When fasting, you are mimicking a time of scarcity.  This is not a situation where your body would be happy to release an egg (ovulate) or grow a baby.  The same situation exists with significant hormonal imbalances. Fasting also calls upon increased secretion of cortisol and human growth hormone, so if your body is not in a place where you are able to respond appropriately to a fast then it is best to seek a consultation with a practitioner and address these issues first.

Types Of Fasting

The most common type of fasting that you already do to some extent is the Intermittent Fast - a little period of time each day without food.  For most of us this is overnight. We can safely extend this into the morning without risk. Longer fasting, such as 3-5 days, can have profound benefits for the immune system and health of our mitochondria and our brain function.

Other types of fasting such as alternate day and the 5:2 diet, made famous by Michael Mosley, involves taking in a very low calorie diet 2 out of 5 days or alternate days. This may be a better option for people who want to fast but take medications and cannot go without food entirely.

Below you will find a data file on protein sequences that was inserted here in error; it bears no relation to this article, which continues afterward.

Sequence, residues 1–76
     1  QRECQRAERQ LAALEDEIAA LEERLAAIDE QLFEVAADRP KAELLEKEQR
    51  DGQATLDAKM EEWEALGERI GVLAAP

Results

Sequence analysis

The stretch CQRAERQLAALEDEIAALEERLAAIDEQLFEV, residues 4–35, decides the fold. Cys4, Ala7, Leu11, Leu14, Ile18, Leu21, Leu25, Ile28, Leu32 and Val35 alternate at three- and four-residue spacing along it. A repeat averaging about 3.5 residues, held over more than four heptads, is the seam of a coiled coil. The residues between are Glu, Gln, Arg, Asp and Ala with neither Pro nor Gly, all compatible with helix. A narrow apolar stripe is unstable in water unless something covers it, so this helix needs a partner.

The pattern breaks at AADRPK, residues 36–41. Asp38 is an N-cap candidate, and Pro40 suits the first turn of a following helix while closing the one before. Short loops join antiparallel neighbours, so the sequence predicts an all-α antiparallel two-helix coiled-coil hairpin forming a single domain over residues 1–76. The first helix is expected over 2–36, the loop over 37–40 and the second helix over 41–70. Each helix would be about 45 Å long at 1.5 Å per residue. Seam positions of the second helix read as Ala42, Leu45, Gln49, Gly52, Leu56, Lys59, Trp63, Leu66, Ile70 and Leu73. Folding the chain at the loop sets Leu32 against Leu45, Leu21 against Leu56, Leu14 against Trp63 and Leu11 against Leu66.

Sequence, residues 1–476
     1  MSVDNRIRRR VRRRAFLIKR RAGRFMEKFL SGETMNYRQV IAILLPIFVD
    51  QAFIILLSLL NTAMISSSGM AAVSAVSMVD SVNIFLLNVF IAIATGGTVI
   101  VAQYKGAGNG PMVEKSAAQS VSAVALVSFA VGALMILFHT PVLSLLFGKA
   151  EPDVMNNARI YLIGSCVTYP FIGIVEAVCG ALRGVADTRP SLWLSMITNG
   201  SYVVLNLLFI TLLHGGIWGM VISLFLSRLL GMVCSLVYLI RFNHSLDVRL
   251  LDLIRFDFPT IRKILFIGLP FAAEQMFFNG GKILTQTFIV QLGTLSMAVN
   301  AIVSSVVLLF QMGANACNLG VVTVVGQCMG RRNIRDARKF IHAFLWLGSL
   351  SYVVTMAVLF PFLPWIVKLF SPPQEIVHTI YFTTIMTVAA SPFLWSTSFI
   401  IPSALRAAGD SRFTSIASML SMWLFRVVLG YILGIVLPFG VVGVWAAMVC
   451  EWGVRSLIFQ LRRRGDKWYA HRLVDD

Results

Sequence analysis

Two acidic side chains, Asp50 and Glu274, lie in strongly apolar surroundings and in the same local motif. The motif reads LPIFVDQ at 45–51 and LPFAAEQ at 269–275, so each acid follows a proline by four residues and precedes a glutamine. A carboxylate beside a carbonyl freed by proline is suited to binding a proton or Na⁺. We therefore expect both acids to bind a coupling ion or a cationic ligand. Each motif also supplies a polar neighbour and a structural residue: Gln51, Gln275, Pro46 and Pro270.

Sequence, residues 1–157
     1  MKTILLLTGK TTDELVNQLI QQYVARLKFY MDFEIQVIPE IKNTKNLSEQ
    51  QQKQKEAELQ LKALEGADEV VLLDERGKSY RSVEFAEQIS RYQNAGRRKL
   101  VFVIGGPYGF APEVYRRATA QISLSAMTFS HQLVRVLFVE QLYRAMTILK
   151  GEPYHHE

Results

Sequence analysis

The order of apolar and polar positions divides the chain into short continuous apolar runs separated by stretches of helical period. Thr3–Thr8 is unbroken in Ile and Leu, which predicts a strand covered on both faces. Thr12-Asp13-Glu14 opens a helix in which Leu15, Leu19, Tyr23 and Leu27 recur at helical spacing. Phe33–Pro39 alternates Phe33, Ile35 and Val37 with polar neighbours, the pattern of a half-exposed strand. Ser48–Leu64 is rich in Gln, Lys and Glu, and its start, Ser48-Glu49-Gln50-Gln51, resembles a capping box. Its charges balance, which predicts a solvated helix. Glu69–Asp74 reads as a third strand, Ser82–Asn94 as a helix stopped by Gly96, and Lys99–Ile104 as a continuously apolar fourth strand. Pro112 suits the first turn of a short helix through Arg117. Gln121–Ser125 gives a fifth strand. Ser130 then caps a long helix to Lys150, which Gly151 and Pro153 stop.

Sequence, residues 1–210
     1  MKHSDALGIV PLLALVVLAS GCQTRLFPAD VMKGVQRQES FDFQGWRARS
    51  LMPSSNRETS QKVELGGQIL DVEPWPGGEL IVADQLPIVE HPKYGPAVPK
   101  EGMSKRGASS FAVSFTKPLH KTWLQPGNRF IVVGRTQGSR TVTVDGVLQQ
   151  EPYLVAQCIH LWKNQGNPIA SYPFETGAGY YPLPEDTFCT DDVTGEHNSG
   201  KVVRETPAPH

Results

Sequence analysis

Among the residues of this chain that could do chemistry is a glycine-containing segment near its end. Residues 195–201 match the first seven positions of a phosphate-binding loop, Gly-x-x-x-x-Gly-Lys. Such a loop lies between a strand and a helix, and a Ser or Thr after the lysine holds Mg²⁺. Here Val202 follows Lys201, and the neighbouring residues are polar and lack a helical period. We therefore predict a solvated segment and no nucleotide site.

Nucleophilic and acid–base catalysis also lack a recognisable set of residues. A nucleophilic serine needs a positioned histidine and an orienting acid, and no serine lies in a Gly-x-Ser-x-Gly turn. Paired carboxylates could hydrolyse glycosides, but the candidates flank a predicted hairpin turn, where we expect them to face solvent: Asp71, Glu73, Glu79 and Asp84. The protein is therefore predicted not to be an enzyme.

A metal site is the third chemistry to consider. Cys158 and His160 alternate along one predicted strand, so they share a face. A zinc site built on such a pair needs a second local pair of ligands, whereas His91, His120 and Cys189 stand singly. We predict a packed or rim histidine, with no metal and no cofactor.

Longer, extended fasting beyond 5 days is best medically supervised and is often undertaken to meet a specific health goal such as diabetes, obesity and insulin resistance.

Juice fasts, in my opinion, are not fasts at all and usually contain too much sugar that block potential benefits of fasting. 24 hour fasts are popular as you can eat dinner one night and fast until dinner the next night. This is psychologically easier to achieve than extended fasts and can bring many hormonal benefits such as insulin balance, enhanced ketosis, mental clarity, gut cleaning and autophagy.

 

Note:

Fasting is not for everyone all of the time. If you have hormonal imbalances and gut healing to undertake, fasting may be better taking a back seat until you have these under control. Fasting is an amazing tool for maintaining peak health, cancer prevention, brain function, immune system health and hormonal health – BUT, at the right time for you.

 

 

Resources

  • https://www.ncbi.nlm.nih.gov/pubmed/26135345
  • https://www.ncbi.nlm.nih.gov/pmc/articles/PMC4403246/
  • Mercola, J. (2017) Fat For Fuel: A revolutionary diet to combat cancer, boost brain power, and increase your energy. Hay House; California USA
  • Winters, N. and Kelley, J. H. (2017) The Metabolic Approach to Cancer: Integrating deep nutrition, the ketogenic diet, and nontoxic bio-individualised therapies. Chelsea Green Publishing: Vermont USA.
  • Fung, J. and Moore, J. (2016) The Complete Guide To Fasting: Heal your body through intermittent, alternate day, and extended fasting. Victory Belt Publishing; Canada.